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Freezing Greens

Category Vegetables
By following a few simple steps you can successfully freeze young, tender greens. This is a guide about freezing greens.
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By 0 found this helpful
July 7, 2006

Selecting High-Quality Greens:

Select young, tender green leaves. Leaves on greens like spinach should be at least 6 inches long to harvest; they can be as long as 10 inches on other greens (chard). Harvest early in the day before heat from the sun causes greens to become limp. The amount needed to fill 1-pint is approximately 1 to 1 1/2 pounds. freezing guide
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Preparing for Freezing:

Wash thoroughly in an ice water bath to remove sand and insects. Rinse. Cut off woody stems and remove damaged leaves. Leaves can be left whole or chopped coarsely.

Blanching Time:

Water-blanch collard greens 3 minutes and all other greens 2 minutes. Cool promptly and drain.

Best Freezing Method(s):

  • Dry Pack: Transfer cooled, blanched greens into suitable containers. Seal, label and freeze. Leave 1/2 inch headspace.

  • Stir Fry: As an alternative to blanching, greens can be stir-fried until leaves are wilted (2 to 3 minutes) and packed into boilable bags. Seal bags, cool, pat dry and freeze.

Suitable Packaging:

Freezer containers should be moisture and vapor resistant and should not be prone to cracking or breaking at low temperatures. Containers should provide protection against absorbing flavors or odors and should be easy to label. Suitable packaging for freezing asparagus includes freezer-grade plastic bags, rigid plastic containers or glass containers and heavy-duty aluminum foil.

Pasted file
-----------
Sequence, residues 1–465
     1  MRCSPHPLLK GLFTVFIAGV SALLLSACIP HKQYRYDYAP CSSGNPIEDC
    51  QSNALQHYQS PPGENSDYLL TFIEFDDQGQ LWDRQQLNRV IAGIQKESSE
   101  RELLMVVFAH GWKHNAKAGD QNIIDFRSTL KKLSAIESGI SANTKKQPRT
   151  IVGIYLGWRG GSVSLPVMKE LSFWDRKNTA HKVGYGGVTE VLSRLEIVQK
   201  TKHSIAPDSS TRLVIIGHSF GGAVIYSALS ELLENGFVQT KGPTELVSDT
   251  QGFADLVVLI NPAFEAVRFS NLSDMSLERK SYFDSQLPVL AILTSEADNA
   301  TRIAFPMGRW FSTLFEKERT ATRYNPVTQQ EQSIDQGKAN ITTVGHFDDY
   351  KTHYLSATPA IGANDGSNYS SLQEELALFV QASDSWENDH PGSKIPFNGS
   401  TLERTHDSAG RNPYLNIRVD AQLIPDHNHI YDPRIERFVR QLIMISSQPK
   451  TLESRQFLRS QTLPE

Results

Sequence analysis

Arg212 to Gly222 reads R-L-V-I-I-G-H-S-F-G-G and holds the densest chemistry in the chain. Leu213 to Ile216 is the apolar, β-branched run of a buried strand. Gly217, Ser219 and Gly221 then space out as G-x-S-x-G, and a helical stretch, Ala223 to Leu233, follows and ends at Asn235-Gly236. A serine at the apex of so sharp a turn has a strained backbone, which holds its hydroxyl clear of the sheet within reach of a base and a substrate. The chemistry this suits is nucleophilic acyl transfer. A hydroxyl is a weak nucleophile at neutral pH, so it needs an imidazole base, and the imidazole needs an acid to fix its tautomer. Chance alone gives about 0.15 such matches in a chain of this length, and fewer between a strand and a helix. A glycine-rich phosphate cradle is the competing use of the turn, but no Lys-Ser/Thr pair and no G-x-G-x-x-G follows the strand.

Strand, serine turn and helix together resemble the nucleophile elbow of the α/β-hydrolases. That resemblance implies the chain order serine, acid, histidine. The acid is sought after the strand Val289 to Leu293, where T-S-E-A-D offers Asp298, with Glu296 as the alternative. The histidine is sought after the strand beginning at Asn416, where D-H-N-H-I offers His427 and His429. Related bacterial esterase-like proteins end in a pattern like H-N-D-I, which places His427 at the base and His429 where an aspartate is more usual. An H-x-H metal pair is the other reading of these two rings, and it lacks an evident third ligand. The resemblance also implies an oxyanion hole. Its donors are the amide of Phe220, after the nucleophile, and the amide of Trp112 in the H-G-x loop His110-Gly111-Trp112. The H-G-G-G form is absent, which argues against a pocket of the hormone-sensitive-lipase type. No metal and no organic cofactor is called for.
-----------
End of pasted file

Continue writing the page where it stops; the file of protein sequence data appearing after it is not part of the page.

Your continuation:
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Maximum Storage Time:

10 to 12 months at 0ºF. For best flavor, consume within 6 months.

Thawing:

Add greens directly to dishes without thawing.

Tips & Shortcuts:

Carefully lift greens out of their water bath using a colander or strainer to leave any sand and grit behind.

Refrigerating Greens:

Wrap unwashed greens in paper towels and stored in a plastic bags. If greens are cut in the morning, they will last 2 to 3 days in the refrigerator this way. Cooked greens should be covered and stored up to 5 days.
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By 0 found this helpful
June 10, 2010

I have just started a vegetarian-vegan lifestyle, which uses a variety of fresh produce. I found a wonderful sale of fresh collard greens, beets with their greens, and similar produce and bought a lot of them. I wondered if these could be frozen so that they do not spoil before I am able to consume my bounty?

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By Sharon

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June 10, 20100 found this helpful
Best Answer

Wash greens several times in clean water each time, remove any hard stems, in a large pot of boiling water blanch up to three or four batches, one batch at a time, just for a couple of min. Water must be boiling when submerging greens, you will notice they turn a very dark green. Drain well, cool and freeze in what ever you choose to use. I like baggies.

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By 0 found this helpful
August 6, 2016

I saw your, fresh tasting canned greens recipe, and it said it could be frozen. My Kroger store has the large cans of Margaret Holmes collard greens on sale. I need to feed a crowd at church in September. If was wondering if I could make the recipe ahead and freeze for one month. Does the cabbage hold up well in the freezer? Thank you.

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Evelyn

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February 28, 20170 found this helpful

For one month, it should be OK. I have frozen different chilis and vegetable stews over the years and they come out OK when reconstituted.

It is raw veg that do not do well when frozen.

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February 28, 20170 found this helpful

My mother used to make stuffed cabbage and freeze it, so the answer is yes

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